Whenever possible use fresh garlic rather than commercially processed powders, cloves and granules. The flavor of fresh garlic is far superior to dehydrated versions. Garlic powder may contain less than 20% actual garlic due to the addition of large amounts of salt and anti-caking agents.
Garlic's uses in folk medicine include treatments for bronchitis and respiratory problems, gastrointestinal problems, flatulence, leprosy, menstrual cramps, high blood pressure and diabetes. External application is said to treat warts, corns, arthritis, muscle pain, neuralgia and sciatica. It's no wonder that garlic acquired the name poor man's cure-all.
In Ayurvedic medicine garlic is considered heating, diuretic, diaphoretic (induces sweating), expectorant, carminative, anti-coagulant, anthelmintic (rids the body of intestinal worms) and immune enhancing.
Homeopathically, garlic is used to treat upper respiratory tract inflammation, rheumatism and digestive problems.
Louis Pasteur first verified garlic's antibacterial properties scientifically in 1858. During WWI, garlic juice, water and sphagnum moss were used to bandage wounds. It was also used in WWII to prevent septic poisoning and gangrene. Even before Pasteur's discovery, garlic was a recorded military disinfectant, and poultices of moss, garlic and wine were used to treat soldiers in the army of Ancient Rome.
Recently, science has begun to confirm many of garlic's other long-standing medicinal uses. Garlic has been shown to lower blood cholesterol, blood pressure and blood sugar in laboratory studies and clinical trials. Garlic has also demonstrated anti-cancer, antibacterial, anti-fungal and anti-oxidant effects.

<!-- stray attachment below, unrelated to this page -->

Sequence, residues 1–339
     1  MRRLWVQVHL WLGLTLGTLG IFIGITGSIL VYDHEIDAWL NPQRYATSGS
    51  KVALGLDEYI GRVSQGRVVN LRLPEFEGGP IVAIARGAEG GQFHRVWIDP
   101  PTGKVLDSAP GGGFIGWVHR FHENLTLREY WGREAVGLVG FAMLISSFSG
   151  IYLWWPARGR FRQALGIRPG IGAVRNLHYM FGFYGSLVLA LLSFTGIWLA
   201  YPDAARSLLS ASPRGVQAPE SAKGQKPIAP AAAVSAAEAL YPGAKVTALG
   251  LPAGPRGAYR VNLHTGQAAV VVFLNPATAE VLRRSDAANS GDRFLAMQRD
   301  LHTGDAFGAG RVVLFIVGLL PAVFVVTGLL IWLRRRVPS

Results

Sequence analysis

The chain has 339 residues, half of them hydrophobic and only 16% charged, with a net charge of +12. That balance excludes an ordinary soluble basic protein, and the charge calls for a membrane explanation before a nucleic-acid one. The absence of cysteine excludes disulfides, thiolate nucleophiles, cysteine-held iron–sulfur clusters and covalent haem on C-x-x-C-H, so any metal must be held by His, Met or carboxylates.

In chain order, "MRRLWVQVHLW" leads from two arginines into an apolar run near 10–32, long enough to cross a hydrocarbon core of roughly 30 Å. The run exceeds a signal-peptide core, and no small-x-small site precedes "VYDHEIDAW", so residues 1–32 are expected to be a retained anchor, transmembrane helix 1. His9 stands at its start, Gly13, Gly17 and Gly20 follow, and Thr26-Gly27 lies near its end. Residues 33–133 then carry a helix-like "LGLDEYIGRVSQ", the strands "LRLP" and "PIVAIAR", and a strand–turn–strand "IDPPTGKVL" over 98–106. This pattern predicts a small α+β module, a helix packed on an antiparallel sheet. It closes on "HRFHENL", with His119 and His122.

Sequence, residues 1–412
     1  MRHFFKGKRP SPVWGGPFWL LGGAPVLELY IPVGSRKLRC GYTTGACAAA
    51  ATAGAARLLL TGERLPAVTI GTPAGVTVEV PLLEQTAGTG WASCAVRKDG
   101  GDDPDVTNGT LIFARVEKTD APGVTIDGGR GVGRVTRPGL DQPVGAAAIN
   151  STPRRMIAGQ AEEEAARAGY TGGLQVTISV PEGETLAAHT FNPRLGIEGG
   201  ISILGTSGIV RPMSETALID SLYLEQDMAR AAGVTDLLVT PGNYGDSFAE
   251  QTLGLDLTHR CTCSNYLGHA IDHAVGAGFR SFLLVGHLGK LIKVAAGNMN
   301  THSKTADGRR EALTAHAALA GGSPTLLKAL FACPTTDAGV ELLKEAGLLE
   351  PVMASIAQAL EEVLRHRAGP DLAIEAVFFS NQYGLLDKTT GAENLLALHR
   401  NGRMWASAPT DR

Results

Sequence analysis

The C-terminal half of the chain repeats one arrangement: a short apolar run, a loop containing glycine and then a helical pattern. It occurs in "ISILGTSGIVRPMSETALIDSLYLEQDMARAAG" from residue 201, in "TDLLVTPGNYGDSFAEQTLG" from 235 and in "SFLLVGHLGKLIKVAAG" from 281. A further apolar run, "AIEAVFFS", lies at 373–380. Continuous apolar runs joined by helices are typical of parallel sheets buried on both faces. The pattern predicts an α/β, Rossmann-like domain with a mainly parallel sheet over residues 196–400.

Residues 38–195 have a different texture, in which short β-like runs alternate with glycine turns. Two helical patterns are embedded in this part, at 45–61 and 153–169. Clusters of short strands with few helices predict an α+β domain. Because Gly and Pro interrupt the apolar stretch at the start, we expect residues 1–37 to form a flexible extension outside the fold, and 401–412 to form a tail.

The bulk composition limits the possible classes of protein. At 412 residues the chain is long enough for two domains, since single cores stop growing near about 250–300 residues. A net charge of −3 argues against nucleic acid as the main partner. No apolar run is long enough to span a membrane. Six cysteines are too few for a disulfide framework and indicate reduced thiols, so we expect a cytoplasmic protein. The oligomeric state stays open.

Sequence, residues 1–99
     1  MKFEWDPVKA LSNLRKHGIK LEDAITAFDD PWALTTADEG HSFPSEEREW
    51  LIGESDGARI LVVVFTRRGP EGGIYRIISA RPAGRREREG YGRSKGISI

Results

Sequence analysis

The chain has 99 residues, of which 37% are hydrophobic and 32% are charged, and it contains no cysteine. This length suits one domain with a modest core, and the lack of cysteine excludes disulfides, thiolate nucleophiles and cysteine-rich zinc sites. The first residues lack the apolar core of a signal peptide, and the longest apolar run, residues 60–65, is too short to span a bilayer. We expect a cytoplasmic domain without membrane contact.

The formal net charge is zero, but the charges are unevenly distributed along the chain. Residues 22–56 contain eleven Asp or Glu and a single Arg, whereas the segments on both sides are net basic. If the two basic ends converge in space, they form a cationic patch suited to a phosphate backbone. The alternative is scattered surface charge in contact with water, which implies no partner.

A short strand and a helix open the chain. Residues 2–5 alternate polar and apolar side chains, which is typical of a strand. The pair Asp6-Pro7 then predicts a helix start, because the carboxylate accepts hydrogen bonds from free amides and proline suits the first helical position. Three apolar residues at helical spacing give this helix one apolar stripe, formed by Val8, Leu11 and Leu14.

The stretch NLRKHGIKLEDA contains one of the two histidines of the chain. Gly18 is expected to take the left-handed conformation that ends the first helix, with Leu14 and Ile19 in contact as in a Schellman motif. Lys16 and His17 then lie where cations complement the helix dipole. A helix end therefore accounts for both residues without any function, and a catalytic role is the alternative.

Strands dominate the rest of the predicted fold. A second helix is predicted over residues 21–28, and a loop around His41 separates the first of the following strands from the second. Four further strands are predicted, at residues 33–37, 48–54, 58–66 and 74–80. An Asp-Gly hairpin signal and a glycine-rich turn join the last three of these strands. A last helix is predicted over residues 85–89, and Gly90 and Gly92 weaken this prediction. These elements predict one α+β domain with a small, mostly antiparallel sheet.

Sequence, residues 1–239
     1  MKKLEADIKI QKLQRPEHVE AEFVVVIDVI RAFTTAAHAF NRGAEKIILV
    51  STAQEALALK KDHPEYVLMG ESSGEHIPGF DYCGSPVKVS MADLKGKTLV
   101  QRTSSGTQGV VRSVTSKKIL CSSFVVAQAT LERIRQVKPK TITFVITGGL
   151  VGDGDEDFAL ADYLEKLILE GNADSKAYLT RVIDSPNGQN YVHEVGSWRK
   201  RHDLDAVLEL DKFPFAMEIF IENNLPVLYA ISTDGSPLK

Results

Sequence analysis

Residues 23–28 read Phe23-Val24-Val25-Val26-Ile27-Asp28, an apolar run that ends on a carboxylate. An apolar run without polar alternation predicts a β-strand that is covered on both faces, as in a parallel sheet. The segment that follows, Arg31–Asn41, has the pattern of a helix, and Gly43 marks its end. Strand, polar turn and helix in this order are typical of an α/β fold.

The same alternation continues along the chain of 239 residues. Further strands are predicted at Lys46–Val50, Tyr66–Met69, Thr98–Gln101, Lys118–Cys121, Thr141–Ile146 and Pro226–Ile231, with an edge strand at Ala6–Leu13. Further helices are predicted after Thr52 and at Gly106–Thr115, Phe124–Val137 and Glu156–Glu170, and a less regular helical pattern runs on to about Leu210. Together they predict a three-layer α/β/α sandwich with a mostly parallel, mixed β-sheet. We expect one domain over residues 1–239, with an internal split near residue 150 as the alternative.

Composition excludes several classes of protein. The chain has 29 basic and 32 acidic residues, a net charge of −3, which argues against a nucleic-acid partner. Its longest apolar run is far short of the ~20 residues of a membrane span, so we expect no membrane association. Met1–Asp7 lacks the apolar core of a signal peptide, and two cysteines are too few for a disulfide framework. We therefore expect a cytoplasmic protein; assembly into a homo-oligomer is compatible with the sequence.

Whether you view it as a wonder drug or a culinary delight, consider growing garlic in your garden.
 Susan Belsinger, http://herbsociety.org/garlic/grecipe01.php
Thanks to Chamma and Kmom246 for photos from Plantfiles.
Tomato, Bread and Garlic Soup
In Italy this wholesome peasant style soup is called Pappa al Pomodoro. Its porridge-like consistency looks rather strange to Americans and it depends a lot on the type of bread used. A simple country loaf that has a crunchy crust is good, as is whole wheat sourdough. Breads made with all white flour will make this recipe gummy.
This soup may be served hot or cold. We like it straight from the pot after it has sat for an hour… just soothingly warm. Simple to make and delicious to eat, this dish can make a satisfying meal with a glass of red wine and a salad.
8 garlic cloves
1 small dried red chili pepper
¾ cup extra-virgin olive oil
2 1/2 pounds ripe tomatoes, peeled and chopped (in winter I use Muir Glen canned tomatoes)
3 Tbs. shredded fresh basil leaves OR 2 tsp. dried
1 Tbs. shredded mint leaves
Salt and freshly ground pepper
4 cups hot chicken or vegetable stock
1 pound of 1-2 day old crusty bread
Freshly grated Parmesan cheese
Pound the peeled garlic cloves and the dried chili in a mortar and pestle until they are well crushed. Heat the olive oil in a large non-corrosive sauté pan or soup pot over low heat. Add the garlic and chili and soften over low heat for about 3-4 minutes.
Add the tomatoes, basil and mint; stir and cook over medium-low heat for about 5 minutes. Season with salt and pepper to taste and cook for another minute or two. Add the stock and bring to a boil. While the stock is heating, tear the bread into bite-sized cubes. When the stock comes to a boil, add the bread all at once. Stir well over medium heat until all the bread is moistened with the liquid.
Cover pan and remove from heat. Let soup stand for an hour before serving but taste again for seasoning and stir well. Serve in bowls with a little olive oil. Garnish with freshly grated Parmesan.
(A yummy old recipe I've had for years taken from The Garlic Book, Copyright by Susan Belsinger and Carolyn Dille)